404 F2d 68 Farley v. United States
404 F.2d 68
Jack Marvin FARLEY, Appellant,
UNITED STATES of America, Appellee.
United States Court of Appeals Fifth Circuit.
Nov. 14, 1968.
Albert Sidney Johnson, Atlanta, Ga., for appellant.
Allen L. Chancey, Jr., Asst. U.S. Atty., Atlanta, Ga., for appellee.
Before JOHN R. BROWN, Chief Judge, TUTTLE, Circuit Judge, and FISHER, District Judge.
Appellant on August 22, 1967, entered a plea of not-guilty to an indictment brought under 18 U.S.C.A. 2113(c), for possessing and concealing travelers checks which had been stolen from a national bank. On November 9, 1967, appellant appeared for trial, and changed his plea of not-guilty to a plea of nolo contendere. The trial judge accepted the nolo plea and sentenced appellant to ten years in prison to run concurrently with the sentence he was then serving. Further, the Court amended the sentence to provide that appellant might become eligible for parole at such time as the Parole Board may determine under the provisions of 18 U.S.C. 4208(a)(2).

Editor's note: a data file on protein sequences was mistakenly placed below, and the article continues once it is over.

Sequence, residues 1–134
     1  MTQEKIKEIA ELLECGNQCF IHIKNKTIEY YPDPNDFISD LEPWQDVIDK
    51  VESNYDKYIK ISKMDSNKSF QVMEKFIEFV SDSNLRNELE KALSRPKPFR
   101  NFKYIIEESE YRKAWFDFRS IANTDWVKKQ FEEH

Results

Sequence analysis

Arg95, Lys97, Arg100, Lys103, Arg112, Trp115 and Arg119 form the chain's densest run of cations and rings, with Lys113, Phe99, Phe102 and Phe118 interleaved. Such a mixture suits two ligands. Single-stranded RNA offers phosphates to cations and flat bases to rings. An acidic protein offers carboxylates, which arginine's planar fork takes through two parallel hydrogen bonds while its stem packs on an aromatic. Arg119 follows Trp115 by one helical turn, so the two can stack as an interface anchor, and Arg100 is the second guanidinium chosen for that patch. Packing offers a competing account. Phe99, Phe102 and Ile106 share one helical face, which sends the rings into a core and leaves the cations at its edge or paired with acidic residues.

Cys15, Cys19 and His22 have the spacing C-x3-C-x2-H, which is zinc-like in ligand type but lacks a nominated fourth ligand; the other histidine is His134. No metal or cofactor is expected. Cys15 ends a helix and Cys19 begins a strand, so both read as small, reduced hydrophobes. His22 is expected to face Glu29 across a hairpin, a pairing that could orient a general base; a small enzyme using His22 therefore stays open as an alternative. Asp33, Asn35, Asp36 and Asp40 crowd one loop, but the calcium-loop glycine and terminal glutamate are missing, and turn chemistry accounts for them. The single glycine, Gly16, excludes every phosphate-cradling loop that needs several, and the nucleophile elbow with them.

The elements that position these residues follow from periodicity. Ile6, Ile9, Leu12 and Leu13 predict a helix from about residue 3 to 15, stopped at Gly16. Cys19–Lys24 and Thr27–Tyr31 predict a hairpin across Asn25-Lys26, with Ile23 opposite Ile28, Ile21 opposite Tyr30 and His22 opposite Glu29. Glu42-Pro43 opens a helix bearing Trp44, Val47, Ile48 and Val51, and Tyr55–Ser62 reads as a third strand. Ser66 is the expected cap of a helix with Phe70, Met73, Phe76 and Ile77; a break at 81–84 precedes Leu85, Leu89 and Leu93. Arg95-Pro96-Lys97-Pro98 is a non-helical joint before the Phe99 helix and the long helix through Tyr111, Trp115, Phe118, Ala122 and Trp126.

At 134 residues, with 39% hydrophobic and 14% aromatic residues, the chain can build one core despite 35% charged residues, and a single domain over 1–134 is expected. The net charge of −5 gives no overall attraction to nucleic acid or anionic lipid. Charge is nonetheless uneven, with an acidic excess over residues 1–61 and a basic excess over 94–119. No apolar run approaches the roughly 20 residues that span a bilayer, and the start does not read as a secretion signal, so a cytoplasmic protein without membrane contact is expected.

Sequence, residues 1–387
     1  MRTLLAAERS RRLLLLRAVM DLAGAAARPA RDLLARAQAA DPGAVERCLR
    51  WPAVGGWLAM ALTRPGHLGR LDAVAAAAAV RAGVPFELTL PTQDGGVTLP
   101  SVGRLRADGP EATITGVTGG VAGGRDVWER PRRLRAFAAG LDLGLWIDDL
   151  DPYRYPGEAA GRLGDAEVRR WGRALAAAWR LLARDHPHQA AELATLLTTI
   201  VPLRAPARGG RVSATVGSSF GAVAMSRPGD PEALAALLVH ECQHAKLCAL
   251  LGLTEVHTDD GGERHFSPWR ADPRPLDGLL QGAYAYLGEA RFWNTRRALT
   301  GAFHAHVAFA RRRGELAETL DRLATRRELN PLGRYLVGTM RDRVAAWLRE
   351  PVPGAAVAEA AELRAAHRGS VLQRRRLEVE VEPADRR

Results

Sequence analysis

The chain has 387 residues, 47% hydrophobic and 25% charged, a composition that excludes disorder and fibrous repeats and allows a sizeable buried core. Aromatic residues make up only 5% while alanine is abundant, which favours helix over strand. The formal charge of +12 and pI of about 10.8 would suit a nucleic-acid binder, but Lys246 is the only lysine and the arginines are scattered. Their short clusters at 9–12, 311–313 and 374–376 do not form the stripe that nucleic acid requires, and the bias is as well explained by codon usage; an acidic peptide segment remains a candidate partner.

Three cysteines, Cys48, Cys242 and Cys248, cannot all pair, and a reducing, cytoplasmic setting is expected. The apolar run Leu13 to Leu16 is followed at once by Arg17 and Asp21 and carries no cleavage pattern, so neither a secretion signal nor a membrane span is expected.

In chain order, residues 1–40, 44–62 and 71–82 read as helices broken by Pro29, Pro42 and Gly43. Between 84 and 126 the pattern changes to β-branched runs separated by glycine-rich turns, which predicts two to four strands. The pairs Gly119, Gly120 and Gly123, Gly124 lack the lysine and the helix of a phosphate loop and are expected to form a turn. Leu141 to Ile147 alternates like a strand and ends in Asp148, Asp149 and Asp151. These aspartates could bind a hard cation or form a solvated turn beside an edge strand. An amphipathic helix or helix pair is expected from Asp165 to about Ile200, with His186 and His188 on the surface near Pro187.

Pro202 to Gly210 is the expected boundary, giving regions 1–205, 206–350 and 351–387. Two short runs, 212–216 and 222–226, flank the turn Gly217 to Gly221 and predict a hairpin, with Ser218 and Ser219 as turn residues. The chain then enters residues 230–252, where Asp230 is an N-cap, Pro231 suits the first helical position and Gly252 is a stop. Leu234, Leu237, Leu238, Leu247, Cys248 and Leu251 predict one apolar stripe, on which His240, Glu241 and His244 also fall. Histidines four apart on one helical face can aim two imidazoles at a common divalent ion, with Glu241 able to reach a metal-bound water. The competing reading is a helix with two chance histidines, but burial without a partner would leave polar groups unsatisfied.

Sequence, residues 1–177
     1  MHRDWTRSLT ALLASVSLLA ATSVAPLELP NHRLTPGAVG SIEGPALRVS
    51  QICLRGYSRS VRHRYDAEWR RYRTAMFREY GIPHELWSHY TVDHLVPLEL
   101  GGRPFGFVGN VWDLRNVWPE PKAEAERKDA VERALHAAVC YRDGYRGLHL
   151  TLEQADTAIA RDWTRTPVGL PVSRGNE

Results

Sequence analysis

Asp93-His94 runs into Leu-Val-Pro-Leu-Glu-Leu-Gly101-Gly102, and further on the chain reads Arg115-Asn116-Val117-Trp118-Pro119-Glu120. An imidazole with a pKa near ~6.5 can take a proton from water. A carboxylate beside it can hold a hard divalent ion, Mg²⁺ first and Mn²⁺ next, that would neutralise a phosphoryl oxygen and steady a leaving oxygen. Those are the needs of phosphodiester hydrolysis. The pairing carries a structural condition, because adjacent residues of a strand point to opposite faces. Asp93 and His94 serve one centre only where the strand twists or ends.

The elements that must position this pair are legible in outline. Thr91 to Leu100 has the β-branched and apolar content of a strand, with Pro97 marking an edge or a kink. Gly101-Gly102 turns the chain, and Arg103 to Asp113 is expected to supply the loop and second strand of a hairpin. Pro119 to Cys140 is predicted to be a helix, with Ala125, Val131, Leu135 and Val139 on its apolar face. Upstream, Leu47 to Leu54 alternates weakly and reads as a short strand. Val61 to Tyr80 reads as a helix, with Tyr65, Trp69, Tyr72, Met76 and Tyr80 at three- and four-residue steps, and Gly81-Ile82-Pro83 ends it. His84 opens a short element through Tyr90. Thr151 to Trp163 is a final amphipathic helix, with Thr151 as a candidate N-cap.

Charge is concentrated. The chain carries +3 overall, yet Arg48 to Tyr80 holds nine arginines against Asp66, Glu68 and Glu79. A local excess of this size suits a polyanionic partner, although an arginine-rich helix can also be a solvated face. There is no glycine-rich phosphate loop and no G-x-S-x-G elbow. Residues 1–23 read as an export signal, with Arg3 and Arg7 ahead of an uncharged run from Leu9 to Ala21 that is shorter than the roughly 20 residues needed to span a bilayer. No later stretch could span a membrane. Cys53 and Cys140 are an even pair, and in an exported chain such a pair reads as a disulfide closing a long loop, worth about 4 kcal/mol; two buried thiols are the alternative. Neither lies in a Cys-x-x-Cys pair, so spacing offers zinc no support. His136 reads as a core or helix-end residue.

On November 11, 1967, the appellant filed a motion to reduce sentence or in the alternative to reinstate his plea of not-guilty. This motion was denied, and the only question presented by the appeal is whether the trial court erred based upon appellant's contention that in some way he was misled to believe that if he changed his plea from not-guilty to nolo contendere he would receive a lighter sentence.
Although we believe the discretion of the trial Court should be liberally applied, where there appears even the remotest possibility that the defendant might misunderstand, the Court has the right to exercise its discretion in denying the motion to vacate the nolo contendere plea. Meaton v. United States, 328 F.2d 379 (5 Cir. 1964); Burns v. United States, 323 F.2d 269 (5th Cir. 1963).
At the time of entering the plea of nolo contendere, appellant stated that he understood the nature of the offense with which he was charged and the maximum sentence that he could receive. Under the facts, we do not see how the appellant could have been misled in changing his plea and, further, we are not able to see how the appellant can suffer any harm under the Section 4208(a)(2) sentence when this sentence, in effect, provided that appellant would be eligible for parole at the same time that he would be eligible under his prior sentence.